Lego sales up, following release of new ranges

<p>The company has seen double-digit sales growth thanks to new Jurassic World and Elves ranges.</p>

Danish toy company Lego posted double-digit sales growth globally during the first half of the year, it has been revealed.

Lego said its revenue rose by 23 per cent to 14.1 billion kroner (£1.4 billion) during the six months to June 30th. Net profit for the period was up by 838 million kroner to 3.5 billion kroner.

​In 2014, The Lego Movie was released, which boosted sales – meaning the comparisons could seem muted.

John Goodwin, chief financial officer for the company also noted that the weakness of the kroner and the euro also helped to provide a five per cent boost to sales. However, he said the company was pleased with the growth rate.

"We are very satisfied with the underlying growth rate of 18 per cent [...] versus the same period a year ago," he said.

Growth in Asian market

Lego's biggest sales increase was in Asia – this was part of the company's strategy, as it has been investing in the Asian market to help reduce its reliance on Europe and North American sales.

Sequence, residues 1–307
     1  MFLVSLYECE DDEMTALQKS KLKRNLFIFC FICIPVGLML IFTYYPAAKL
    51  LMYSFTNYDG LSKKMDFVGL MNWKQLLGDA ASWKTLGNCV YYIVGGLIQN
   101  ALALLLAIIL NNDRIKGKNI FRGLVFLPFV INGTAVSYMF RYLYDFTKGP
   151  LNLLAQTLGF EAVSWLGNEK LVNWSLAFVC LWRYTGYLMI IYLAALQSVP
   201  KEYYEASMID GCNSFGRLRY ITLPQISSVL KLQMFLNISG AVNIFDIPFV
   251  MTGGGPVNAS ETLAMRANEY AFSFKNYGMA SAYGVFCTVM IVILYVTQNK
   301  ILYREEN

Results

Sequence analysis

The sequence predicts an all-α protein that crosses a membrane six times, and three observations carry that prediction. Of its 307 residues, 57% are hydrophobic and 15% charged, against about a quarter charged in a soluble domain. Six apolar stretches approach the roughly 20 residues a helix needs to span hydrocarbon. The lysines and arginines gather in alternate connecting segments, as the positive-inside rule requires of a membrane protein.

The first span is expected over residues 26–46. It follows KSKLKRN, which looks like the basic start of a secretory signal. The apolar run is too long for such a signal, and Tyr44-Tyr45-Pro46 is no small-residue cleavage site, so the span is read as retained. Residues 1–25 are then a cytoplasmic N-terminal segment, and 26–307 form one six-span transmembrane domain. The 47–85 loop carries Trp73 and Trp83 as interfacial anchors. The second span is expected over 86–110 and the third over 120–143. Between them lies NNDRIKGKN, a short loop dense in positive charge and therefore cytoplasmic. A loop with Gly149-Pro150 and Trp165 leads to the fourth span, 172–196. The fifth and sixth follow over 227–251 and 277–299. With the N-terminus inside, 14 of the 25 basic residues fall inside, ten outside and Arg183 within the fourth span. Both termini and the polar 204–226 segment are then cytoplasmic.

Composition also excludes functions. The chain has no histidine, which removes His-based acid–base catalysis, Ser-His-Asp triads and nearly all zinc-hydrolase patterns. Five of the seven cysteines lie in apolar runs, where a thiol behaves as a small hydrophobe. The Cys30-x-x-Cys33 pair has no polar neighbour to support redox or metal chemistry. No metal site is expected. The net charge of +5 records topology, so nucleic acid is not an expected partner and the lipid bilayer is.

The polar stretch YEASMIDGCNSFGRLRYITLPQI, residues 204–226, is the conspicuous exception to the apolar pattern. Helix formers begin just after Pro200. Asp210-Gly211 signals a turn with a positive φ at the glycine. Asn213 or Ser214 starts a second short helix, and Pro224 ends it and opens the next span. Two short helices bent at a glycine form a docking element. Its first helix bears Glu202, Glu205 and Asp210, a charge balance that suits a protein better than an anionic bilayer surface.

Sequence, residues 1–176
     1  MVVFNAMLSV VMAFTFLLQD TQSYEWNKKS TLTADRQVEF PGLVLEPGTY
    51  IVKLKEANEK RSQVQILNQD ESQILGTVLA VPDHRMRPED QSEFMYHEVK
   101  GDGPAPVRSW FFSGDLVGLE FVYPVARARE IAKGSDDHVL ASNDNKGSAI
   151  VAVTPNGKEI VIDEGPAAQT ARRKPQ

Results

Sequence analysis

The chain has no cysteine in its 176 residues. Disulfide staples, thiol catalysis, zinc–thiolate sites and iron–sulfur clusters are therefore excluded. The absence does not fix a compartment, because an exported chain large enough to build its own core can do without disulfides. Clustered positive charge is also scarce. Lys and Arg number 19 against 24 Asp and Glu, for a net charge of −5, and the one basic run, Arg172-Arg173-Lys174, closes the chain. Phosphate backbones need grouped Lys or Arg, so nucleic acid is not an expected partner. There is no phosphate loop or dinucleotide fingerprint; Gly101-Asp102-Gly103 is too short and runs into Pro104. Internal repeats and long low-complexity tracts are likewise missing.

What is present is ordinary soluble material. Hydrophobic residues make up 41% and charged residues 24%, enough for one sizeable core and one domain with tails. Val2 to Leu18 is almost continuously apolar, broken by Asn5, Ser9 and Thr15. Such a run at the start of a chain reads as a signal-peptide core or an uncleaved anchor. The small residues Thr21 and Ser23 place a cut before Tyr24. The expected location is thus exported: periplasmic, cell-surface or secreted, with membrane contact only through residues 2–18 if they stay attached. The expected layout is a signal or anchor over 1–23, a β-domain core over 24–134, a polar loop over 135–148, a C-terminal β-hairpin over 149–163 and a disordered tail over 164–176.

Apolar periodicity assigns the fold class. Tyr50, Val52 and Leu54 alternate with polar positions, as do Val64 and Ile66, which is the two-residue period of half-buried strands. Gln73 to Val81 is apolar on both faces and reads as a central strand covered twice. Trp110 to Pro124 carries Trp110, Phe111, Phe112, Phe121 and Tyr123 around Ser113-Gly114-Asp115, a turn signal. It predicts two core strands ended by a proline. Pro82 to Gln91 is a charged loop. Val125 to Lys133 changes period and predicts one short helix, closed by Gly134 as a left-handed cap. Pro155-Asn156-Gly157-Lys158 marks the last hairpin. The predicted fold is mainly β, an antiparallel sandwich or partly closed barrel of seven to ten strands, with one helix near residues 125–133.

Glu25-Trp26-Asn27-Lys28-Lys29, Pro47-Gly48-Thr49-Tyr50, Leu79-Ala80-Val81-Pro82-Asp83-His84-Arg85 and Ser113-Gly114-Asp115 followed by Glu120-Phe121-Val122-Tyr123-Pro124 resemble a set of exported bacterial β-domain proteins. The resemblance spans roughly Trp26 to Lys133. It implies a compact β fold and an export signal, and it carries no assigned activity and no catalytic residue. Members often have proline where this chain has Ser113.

A new factory is set to open in Jiaxing, China, by the end of this year – this will provide an increase in production and help the firm meet Asian demand.

Top sellers and new products

More than 300 Lego sets were on sale during the first half of the year, according to Lego chief marketing officer Julia Goldin. The most popular ranges included Lego's City, Creator, Technic and Star Wars. The ninja-themed Lego Ninjago range is also a favourite, while a new Elves range and one based on the blockbuster film Jurassic World also contributed to the boost in sales.

Lego also says it is seeking sustainable alternatives to its production process. Currently, bricks are made from petrochemical-based materials, but a switch to sustainable materials for all of its toy ranges is scheduled to happen by 2030.

Kirkbi, the investment vehicle of Kirk Kristiansen, controls Lego. The firm also owns a 29.9 per cent stake in Merlin Entertainments, which operates the Legoland theme parks in Windsor, Billund in Denmark, the US, Germany and Malaysia.

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